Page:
Most Sources Refuse to Let Post Writer Testify on Lee

By Christopher Lee
Washington Post Staff Writer
Tuesday, December 6, 2005

A Washington Post reporter held in contempt of court last month for refusing to identify anonymous government sources told a federal judge yesterday that all but one of them had declined to waive confidentiality pledges he made.

U.S. District Judge Rosemary M. Collyer found Walter Pincus in contempt for refusing to name his government sources as demanded by Wen Ho Lee, the former nuclear weapons scientist who is suing the government for allegedly leaking damaging information about him to the press.

On Nov. 16, Collyer ordered Pincus fined $500 a day , but suspended the penalty pending an appeal. The judge ordered Pincus to contact his sources and determine whether they would consent to the disclosure of their names.

In an affidavit filed with the court yesterday, Pincus said he had contacted his government sources and all had declined to release him from his pledge of confidentiality. Pincus also said he contacted one person "who may or may not be regarded as a government source," and that person had agreed to release him from his promise.

"I am prepared to answer questions identifying the source who released me from my pledge of confidentiality," Pincus said in the affidavit. He declined to comment yesterday.

Washington Post Executive Editor Leonard Downie Jr. said, "Walter has done what the court asked, and now we're going to pursue the appeal."

Collyer has ruled that Lee is entitled to know who Pincus's sources are because his lawsuit against the government for alleged violations of privacy law cannot go forward otherwise, and because he has exhausted all other possibilities for getting the information. Her order last month carried no threat of jail time for Pincus.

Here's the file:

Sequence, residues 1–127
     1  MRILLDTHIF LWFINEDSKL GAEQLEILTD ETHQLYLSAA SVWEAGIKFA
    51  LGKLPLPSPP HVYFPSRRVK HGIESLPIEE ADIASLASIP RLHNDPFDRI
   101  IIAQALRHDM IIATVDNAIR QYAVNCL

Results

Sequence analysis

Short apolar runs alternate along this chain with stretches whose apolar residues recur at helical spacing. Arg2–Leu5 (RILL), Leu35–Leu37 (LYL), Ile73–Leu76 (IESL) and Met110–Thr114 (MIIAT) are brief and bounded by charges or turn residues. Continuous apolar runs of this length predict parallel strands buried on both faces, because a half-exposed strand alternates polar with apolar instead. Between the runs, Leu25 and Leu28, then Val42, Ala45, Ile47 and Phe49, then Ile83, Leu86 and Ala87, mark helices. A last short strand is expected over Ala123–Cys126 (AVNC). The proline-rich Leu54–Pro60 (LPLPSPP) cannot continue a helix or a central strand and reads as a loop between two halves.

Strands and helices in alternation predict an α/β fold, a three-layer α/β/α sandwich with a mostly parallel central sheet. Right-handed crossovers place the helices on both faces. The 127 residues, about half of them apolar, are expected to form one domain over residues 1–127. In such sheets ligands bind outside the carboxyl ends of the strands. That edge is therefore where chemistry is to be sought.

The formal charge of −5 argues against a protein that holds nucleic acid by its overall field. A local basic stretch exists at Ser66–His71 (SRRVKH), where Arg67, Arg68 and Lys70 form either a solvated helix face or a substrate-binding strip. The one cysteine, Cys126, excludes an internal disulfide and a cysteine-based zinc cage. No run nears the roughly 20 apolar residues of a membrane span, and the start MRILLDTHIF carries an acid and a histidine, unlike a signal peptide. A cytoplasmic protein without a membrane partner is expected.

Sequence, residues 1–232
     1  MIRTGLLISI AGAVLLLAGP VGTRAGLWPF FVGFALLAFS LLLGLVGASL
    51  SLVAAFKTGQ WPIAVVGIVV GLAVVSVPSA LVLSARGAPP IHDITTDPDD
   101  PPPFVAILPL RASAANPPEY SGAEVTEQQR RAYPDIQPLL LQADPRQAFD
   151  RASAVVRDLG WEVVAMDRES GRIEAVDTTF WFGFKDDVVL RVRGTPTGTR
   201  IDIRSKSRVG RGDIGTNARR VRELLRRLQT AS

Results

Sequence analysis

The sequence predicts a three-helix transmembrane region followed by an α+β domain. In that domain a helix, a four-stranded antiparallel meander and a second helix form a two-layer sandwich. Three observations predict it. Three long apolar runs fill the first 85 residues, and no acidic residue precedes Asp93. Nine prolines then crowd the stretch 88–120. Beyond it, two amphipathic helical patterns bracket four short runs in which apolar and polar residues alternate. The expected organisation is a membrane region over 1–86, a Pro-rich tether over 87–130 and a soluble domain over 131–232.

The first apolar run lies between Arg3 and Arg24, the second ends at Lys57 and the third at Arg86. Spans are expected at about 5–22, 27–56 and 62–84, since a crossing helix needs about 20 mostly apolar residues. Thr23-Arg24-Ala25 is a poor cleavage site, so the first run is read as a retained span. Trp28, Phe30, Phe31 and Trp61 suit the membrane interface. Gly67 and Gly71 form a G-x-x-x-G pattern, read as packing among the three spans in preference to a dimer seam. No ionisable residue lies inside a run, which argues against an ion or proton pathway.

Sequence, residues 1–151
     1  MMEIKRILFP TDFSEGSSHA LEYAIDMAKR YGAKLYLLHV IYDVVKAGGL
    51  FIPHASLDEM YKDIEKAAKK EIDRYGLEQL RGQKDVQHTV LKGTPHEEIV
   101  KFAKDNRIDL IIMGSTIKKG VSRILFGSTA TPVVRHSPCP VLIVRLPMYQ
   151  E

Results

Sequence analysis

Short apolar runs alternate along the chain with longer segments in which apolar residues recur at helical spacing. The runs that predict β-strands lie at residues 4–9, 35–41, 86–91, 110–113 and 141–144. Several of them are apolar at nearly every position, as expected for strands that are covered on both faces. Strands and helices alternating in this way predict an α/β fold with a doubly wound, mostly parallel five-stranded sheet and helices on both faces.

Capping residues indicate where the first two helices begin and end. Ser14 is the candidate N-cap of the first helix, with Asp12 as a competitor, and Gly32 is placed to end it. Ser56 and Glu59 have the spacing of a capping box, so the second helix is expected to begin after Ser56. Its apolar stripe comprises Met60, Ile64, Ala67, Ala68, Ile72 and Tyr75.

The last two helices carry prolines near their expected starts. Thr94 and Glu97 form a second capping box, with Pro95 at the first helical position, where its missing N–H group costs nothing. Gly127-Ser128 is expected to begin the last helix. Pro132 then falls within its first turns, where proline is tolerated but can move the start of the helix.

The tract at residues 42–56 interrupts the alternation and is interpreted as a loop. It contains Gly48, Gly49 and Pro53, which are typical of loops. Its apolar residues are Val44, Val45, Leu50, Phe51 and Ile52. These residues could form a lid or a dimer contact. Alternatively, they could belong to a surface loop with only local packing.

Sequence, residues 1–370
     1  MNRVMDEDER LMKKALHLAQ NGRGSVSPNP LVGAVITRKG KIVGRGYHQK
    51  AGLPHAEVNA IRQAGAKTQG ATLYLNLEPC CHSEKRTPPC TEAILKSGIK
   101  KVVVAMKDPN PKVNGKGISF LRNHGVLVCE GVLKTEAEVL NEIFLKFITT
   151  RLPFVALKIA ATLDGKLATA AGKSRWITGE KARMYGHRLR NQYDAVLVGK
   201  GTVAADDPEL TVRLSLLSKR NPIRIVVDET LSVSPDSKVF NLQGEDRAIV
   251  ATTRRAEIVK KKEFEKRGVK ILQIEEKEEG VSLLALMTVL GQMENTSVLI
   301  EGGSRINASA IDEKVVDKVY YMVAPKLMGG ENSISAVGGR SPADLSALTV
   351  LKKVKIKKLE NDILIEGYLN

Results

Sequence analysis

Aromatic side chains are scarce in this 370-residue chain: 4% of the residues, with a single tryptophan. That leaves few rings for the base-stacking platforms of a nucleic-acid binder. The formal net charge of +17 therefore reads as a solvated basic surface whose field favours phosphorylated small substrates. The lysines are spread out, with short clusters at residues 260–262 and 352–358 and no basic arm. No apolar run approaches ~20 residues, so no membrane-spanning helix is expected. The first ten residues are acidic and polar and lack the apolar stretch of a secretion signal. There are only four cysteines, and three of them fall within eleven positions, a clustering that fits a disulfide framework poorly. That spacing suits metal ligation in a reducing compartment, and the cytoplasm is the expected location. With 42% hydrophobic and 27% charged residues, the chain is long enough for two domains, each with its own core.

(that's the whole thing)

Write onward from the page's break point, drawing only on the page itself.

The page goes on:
Lee and his lawyers have said the scientist needs to know who Pincus's sources were because Lee is trying to hold them accountable for allegedly leaking damaging private information about him to the media.

Pincus has said that he could not do his job as a national security affairs reporter if he were not able to promise sources confidentiality.

The federal government pursued a case against Lee for allegedly smuggling weapon-design secrets to China. He was held in solitary confinement for nine months, but most of the charges -- which were widely reported by the media -- eventually were dropped. Lee pleaded guilty to a single count of mishandling computer files in 2000 and was freed with an apology from a federal judge.

Four other journalists have been held in contempt in the case, including James Risen of the New York Times, H. Josef Hebert of the Associated Press, Bob Drogin of the Los Angeles Times and ABC News's Pierre Thomas, who was then at CNN. Their contempt citations were upheld by the U.S. Court of Appeals for the D.C. Circuit.

© 2005 The Washington Post Company